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I set myself an exercise to draw every pin on my Pinterest board ‘Stylish Beings’. This is a board where I’ve been pinning people I think are particularly cool, glam or fascinating. So far it has about 200 pins and I thought it would be good drawing practice to have a crack at sketching each and every one.

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I’m forcing myself not to get too precious about it…so far I’ve drawn 39 and it’s safe to say that a good number of those will never see the light of day, but the more I draw the more i’m creating drawings that i’m really happy with and enjoying playing about with media and style. If I do a bad one, I drop it and move on to the next.

Capturing the likenesses is something I want to work on too, but hopefully by the time I get to pin #200 that will start to improve! Here’s a little selection of some of my faves so far:

 

Colour Studies

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Here are a couple of little colour studies I’ve made as part of my research kick off for my next project with The Drawn Chorus. Super excited to be collaborating with them again! I call these colour studies…though I’m not sure if that is the technical term for them. The idea was to quickly and freely get down a range of colours and compositions to help me loosen up and get inspired around their exhibition theme. The first is a still from a Tomb Raider game, the second a campfire on a snowy mountain. More on that in the coming months!

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Secret 7

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I took part in this year’s Secret 7. A nice, inspiring project which invites creatives from all over the world to interpret designs for 7” record sleeves based on one of 7 songs chosen each year. The designs are not allowed to feature the artist name or track title (hence the secret bit!). Whilst my entry wasn’t selected for the charity exhibition I was really glad I took part. I chose to create a piece for the Tame Impala track ‘The Less I know The Better’ a melancholy song with hints of unrequited love, lust and longing.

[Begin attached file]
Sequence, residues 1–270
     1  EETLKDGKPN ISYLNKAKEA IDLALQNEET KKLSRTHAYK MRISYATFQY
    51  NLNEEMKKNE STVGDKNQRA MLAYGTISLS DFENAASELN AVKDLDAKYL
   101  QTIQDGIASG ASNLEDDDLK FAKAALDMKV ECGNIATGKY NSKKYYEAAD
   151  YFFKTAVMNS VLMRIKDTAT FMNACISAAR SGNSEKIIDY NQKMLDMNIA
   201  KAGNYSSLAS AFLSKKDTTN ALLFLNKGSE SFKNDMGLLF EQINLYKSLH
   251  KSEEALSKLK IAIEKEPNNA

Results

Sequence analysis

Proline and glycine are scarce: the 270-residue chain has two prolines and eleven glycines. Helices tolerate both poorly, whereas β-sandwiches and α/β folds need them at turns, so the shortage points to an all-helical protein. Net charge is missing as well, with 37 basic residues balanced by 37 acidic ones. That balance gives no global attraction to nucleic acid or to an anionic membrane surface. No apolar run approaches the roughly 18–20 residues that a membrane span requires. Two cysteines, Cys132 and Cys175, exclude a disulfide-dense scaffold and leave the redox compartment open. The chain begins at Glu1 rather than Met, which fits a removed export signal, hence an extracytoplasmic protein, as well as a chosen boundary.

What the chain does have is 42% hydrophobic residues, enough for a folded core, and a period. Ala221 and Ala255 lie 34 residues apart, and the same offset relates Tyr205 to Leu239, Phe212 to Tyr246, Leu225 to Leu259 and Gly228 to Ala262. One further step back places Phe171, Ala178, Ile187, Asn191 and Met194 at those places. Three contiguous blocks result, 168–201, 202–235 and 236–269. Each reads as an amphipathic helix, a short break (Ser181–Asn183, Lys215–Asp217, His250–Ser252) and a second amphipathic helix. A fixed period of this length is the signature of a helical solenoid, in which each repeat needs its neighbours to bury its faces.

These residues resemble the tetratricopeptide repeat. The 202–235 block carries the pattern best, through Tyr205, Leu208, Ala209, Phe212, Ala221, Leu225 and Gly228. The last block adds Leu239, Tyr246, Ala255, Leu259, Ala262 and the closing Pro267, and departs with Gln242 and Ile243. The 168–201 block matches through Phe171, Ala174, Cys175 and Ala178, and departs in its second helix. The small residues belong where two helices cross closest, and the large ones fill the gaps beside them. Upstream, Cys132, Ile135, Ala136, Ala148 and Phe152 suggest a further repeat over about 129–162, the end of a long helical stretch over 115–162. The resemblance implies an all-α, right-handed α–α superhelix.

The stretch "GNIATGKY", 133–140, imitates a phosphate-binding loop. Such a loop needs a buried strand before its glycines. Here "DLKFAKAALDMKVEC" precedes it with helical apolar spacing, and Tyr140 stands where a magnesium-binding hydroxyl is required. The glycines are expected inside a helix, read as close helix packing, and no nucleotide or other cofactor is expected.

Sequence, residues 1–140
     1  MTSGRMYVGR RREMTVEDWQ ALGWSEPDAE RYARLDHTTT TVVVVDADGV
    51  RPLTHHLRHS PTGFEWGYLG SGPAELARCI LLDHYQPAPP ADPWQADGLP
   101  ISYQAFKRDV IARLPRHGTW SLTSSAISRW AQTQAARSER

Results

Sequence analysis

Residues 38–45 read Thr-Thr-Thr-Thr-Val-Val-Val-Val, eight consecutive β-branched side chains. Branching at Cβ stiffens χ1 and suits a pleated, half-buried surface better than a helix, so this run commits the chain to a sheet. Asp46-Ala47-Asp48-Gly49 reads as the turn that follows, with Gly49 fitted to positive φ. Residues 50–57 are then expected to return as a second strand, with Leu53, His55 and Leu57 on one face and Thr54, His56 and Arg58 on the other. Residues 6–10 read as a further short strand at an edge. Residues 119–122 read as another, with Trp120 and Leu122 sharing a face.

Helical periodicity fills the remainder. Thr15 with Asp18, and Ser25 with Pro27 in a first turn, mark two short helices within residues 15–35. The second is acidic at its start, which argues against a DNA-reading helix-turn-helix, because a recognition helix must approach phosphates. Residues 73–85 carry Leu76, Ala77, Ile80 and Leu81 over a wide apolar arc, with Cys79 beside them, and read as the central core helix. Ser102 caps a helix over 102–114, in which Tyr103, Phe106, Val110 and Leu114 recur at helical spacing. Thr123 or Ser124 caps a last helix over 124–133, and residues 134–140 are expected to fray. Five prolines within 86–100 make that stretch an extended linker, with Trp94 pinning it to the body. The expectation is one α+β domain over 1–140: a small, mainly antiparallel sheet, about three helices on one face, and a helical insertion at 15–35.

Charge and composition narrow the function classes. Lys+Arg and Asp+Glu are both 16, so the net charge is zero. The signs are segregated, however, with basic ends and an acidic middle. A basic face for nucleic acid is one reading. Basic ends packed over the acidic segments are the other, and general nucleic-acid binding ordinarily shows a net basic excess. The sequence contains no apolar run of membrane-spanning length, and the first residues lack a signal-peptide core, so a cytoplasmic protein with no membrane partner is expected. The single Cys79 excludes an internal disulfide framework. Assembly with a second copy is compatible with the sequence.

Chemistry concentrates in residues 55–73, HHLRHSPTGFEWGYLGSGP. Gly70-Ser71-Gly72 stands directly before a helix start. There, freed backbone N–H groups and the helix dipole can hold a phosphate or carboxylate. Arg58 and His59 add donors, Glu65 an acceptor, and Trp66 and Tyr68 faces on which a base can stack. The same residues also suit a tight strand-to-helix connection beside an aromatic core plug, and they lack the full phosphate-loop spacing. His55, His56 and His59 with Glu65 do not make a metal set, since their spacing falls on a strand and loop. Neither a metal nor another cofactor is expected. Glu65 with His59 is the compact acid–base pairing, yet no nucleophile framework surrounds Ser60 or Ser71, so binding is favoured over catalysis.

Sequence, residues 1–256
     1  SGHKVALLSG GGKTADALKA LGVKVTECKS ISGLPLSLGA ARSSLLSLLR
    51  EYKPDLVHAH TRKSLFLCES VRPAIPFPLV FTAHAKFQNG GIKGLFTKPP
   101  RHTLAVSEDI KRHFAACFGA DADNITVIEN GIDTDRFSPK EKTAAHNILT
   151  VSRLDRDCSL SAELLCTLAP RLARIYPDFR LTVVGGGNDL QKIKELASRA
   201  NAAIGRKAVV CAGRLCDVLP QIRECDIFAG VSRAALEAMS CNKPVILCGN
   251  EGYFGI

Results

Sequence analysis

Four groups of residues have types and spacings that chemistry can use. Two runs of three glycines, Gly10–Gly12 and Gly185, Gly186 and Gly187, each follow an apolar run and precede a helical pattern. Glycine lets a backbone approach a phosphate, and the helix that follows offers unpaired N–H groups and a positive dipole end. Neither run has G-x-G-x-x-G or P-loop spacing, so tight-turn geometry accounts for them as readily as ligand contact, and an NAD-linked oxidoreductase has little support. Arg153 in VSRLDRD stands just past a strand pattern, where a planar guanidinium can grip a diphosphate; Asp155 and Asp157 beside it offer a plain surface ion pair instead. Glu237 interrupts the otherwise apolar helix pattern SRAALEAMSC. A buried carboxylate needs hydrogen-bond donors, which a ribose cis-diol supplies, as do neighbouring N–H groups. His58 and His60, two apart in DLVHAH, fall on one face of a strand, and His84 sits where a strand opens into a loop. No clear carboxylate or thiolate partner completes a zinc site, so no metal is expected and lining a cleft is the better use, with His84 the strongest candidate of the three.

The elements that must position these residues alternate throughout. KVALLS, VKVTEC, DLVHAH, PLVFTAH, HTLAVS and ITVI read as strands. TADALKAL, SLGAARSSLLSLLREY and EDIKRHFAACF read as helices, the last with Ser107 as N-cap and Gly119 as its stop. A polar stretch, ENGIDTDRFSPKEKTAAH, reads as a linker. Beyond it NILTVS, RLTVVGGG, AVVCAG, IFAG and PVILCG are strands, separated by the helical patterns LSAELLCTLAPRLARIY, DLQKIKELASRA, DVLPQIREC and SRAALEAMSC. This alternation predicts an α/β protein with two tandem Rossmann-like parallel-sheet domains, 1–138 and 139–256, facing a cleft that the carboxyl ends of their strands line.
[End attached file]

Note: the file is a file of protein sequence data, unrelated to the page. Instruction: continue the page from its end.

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I wanted to push my conceptual thinking but found it tricky to choose an idea. Finding a way to reflect the themes of the song without feeling too obvious or being influenced by existing media attached to it. Eventually it was the electronic sounds that inspired me the most. I felt they had an underwater-like quality to them conjuring imagery of ripples and watery light. I also enjoyed the lyric ‘Wait ten years we’ll be together’.

I imagined that the lover in the song was banished to an isolated underwater lair and forced to wait, striking off each year on a seaweed covered rock until they could return to their love. Something like that. I’m pretty pleased how the final piece turned out. It uses a mixture of watercolour, oil pastel and pencil. It helped me to explore use of composition and layers texture.

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Year Walk

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I’ve played some really great games on my phone recently. I haven’t had a Playstation of my own for some years but I’m finding that puzzle and adventure apps are just right for enjoying on a smaller device. In the same way that you can’t put a good book down, I find myself sneaking in a breakfast gaming session, tapping away on the tube and trying (and failing) not to play in bed.

A recent stand out for me is Simogo’s Year Walk ; an atmospheric game set in the snowy Swedish woods.  In times of old, man would walk deep into the woods in the hope of catching a glimpse of his future. It was a perilous activity and many who ventured never returned. As the story unravels, you encounter strange, dark beasts of the forest taken straight from Swedish folklore. You must solve the puzzles they set out for you, searching for clues and performing clever interactions to impress them.

 

The art style is beautiful. It somehow manages to be both cute and creepy at the same time. It is Illustratively rich, the textures adding just the right amount of detail. The gentle shift of focus and blurring/sharpening of foreground and background objects seem to add to the feeling of unease.

The interface is super minimal, which seems to me to be a mark of a well designed experience. I would rather focus on story and game art than an ugly button or unnecessary menus. If you do download it, be sure to grab the companion app which has a few secrets of its own!